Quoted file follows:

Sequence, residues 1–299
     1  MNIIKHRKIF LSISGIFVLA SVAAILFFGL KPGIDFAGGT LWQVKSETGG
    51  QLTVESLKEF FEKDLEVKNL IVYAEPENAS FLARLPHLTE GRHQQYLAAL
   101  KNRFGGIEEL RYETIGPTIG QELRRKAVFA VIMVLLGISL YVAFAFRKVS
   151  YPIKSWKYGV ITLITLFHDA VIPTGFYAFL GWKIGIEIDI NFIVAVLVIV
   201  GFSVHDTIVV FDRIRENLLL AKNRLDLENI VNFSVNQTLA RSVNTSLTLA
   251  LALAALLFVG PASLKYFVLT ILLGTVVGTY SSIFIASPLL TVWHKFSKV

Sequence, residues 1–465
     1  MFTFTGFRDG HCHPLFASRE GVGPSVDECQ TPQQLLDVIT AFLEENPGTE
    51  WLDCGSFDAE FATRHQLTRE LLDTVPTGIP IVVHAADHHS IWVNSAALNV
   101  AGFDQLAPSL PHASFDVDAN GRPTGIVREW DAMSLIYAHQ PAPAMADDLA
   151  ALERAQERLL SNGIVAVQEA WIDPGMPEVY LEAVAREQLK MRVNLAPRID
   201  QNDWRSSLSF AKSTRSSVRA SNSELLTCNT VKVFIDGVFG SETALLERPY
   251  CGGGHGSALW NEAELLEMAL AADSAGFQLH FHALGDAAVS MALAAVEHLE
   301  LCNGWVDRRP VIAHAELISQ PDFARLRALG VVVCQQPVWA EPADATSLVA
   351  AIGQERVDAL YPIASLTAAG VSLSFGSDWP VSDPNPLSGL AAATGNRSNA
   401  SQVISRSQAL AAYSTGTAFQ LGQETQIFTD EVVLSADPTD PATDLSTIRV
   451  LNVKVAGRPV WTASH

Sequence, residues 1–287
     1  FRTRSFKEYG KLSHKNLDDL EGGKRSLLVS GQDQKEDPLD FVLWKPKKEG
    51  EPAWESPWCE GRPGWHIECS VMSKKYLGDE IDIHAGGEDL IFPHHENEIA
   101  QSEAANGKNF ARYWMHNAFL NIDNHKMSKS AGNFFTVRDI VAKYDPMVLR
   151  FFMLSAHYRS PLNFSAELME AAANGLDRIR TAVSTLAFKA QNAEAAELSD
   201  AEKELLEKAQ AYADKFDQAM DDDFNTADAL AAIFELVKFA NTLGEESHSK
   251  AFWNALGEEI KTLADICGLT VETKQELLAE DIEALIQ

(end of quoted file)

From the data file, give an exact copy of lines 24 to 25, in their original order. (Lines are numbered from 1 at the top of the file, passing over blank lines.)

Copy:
   201  AEKELLEKAQ AYADKFDQAM DDDFNTADAL AAIFELVKFA NTLGEESHSK
   251  AFWNALGEEI KTLADICGLT VETKQELLAE DIEALIQ